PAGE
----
You may have noticed when picking colors, or using them, that there are a variety of dots and marks before and after some cross stitch numbers. These are those marks if you’re unsure what we mean:
Thanks to the new DMC color chart that came out thanks to the 35 new DMC threads, DMC make more of these dots, and if you have a keen eye, you’ll notice the pre-2018 color card has different dots to the post-2018 color card.
So what are they? Basically, they’re changes in the formula to avoid using nasty chemicals. In the EU dye usage is highly monitored and as a result, they’ve required suppliers of threads to make sure they use only friendly dyes. This has happened in two stages; firstly in 1994 when a lot of greys were changed to fit in with new laws, and again in late 2017 when lots of the reds were affected.
Well that’s interesting, but why do I care?
I’m glad you asked. Dye lots. And it’s actually quite a problem. You see, they couldn’t just change the color formulation and keep the colors perfect, and as a result, we now need to monitor which version of the threads we’re using; old or new. An example of how different they can be is below on some of the 1994 color changes:
In fact, DMC even carry the warning on their color charts:
Do not mix with the original colours without the dot.
That’s just how serious this problem might be, so from now on, keep your eye out for those dots of colors 304, 321, 498, 815 and 816.
My thanks to DMC and Sidar who supplied information, along with Martha Beth.
Title: Portal 2 Gun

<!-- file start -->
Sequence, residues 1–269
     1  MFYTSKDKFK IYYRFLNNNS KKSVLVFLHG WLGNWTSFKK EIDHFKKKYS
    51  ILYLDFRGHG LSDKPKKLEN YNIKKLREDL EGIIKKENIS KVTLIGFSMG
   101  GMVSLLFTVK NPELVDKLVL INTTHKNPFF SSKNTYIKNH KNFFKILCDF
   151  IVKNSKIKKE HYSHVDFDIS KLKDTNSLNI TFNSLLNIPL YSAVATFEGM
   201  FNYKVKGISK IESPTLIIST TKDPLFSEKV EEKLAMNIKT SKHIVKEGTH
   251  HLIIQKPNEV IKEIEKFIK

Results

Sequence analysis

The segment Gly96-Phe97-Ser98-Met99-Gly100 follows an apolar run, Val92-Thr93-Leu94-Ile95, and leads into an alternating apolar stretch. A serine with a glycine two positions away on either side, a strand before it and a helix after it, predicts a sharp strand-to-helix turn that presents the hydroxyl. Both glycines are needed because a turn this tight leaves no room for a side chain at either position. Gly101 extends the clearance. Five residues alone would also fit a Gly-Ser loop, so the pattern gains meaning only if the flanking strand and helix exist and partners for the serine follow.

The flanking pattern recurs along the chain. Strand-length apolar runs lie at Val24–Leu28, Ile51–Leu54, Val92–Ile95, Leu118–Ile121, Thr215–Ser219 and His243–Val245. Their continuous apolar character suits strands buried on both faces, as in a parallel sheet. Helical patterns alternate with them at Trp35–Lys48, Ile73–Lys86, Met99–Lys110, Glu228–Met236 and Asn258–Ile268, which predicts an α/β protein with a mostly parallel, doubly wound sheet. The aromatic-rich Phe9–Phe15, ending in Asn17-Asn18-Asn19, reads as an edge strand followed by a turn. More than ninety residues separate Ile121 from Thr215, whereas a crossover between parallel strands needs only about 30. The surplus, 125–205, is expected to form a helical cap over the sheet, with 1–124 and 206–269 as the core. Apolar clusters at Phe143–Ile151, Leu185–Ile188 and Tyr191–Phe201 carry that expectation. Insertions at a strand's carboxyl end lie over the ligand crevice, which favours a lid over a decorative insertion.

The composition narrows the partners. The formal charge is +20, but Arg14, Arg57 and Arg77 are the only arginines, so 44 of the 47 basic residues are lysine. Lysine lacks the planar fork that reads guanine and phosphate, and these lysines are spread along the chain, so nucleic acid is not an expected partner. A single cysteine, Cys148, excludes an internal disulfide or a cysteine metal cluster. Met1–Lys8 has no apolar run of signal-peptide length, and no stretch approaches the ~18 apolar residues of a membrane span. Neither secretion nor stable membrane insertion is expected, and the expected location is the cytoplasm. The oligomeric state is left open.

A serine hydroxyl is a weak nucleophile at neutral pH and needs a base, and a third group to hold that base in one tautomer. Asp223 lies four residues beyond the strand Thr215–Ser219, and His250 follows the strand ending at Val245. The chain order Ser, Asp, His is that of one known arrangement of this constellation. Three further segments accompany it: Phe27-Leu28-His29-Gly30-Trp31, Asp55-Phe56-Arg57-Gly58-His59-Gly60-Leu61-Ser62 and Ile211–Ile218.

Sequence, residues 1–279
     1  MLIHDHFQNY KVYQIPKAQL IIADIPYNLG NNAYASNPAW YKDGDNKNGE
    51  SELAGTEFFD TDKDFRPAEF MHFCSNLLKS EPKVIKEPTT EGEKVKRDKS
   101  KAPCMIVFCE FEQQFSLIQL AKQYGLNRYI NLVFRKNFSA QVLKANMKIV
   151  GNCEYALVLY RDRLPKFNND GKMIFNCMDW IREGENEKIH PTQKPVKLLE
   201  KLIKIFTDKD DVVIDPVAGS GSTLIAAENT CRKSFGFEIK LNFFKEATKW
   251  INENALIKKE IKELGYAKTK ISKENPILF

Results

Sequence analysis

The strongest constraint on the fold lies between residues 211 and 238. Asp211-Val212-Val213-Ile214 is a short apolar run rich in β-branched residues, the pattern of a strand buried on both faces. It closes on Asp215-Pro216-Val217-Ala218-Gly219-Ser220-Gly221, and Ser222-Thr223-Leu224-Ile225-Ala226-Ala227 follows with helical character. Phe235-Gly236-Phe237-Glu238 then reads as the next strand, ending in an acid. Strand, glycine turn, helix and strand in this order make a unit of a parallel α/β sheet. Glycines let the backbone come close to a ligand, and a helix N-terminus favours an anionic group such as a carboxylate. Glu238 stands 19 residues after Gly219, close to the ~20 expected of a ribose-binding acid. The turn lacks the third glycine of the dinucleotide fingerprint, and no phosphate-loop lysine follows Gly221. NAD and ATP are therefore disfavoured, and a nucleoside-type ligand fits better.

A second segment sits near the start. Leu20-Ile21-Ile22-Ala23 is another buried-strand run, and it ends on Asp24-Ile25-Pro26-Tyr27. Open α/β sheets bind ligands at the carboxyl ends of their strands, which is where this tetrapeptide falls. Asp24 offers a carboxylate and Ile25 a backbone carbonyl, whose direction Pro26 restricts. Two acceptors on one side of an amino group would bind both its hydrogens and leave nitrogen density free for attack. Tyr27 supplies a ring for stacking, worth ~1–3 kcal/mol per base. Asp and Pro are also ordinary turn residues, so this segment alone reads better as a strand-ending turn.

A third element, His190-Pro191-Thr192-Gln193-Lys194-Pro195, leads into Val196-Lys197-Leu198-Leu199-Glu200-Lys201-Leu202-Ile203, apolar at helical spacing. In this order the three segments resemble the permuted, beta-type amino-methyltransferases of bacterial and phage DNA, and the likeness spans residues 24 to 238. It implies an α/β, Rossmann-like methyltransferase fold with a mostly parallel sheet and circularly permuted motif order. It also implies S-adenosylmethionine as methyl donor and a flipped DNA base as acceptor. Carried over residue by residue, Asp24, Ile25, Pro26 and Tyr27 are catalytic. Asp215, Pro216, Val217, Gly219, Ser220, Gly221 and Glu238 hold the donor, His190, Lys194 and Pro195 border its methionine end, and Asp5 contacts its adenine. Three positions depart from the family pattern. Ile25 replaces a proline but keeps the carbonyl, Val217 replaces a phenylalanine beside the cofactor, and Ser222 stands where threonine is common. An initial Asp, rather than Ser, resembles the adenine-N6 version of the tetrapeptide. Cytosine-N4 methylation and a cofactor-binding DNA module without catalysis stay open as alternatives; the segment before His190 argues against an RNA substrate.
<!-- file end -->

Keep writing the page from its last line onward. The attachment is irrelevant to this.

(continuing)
Date Completed: November 2018
Design: Lord Libidan & AngryBetta
Canvas: Pearl Grey
Video Game: Portal & Portal 2
Sometimes, patterns take AGES to make, and for my Star Trek Voyager LCARS cross stitch that was definitely the case. However thanks to a lot of it being backstitch I rocketed through the pattern, meaning I didn’t really have anything to move onto next. This was far from something that happened before, in fact, I’ve written a post on how to get over a creative cross stitch block, and one of my favorite ways; lookup portal stuff.
I know that seems weird, but the portal community has a massive breadth of fan art styles, and normally this means I’ve picked up an idea or two, however this time I came across a portal gun cross stitch by AngryBetta on reddit and knew I had to stitch it too. However, I also knew that stitching someone else’s pattern was a departure for me, and thanks to my recent Harry Potter Golden Snitch cross stitch taking a lot of time, I had some time, so I took inspiration from Portal 2 itself and decided to add a GLADOS potato to the arm of the portal gun.
There are also a few small adjustments on the original to make it look slightly closer to the real Portal gun.
Sadly, there isn’t a hard and fast rule for this, however, over the last 2 years, I’ve been compiling data to give you an idea of how much you can make.
The answer isn’t as obvious as you think either. Thanks to Etsy’s rating system, which relies on SEO, store ranking, title, and most importantly ‘freshness’ stores can have really varied success. As a result I set up a three new stores; all selling the same patterns, with the same descriptions, costs, names, and we gave the stores zero marketing. I used a series of $5 patterns (giving $3.80 profit per sale).
Store 1 – Set it and leave it
For our first store, we created a batch of 10 patterns and put them up to sell. On average we sold 4 of each pattern across the whole year. This means we got $152 in profit.
For most stores starting out, this is exactly what happens. The initial idea of pattern creation seems OK but after the first ten, people give up and wait to ‘see what happens’. Sadly, due to the low return, most people give up at this point.
Store 2 – Set it and add a pattern a month
Much like the first store, we put up 10 initial cross stitch patterns, but we then added an additional pattern every month for the remaining 11 months of the year. This extra work (12 hours at our count) not only gained us a further $152 from the new patterns, but thanks to Etsy’s freshness rating increase each patterns sales to an average of 8 each. This means that our end of year total was $669 in profit.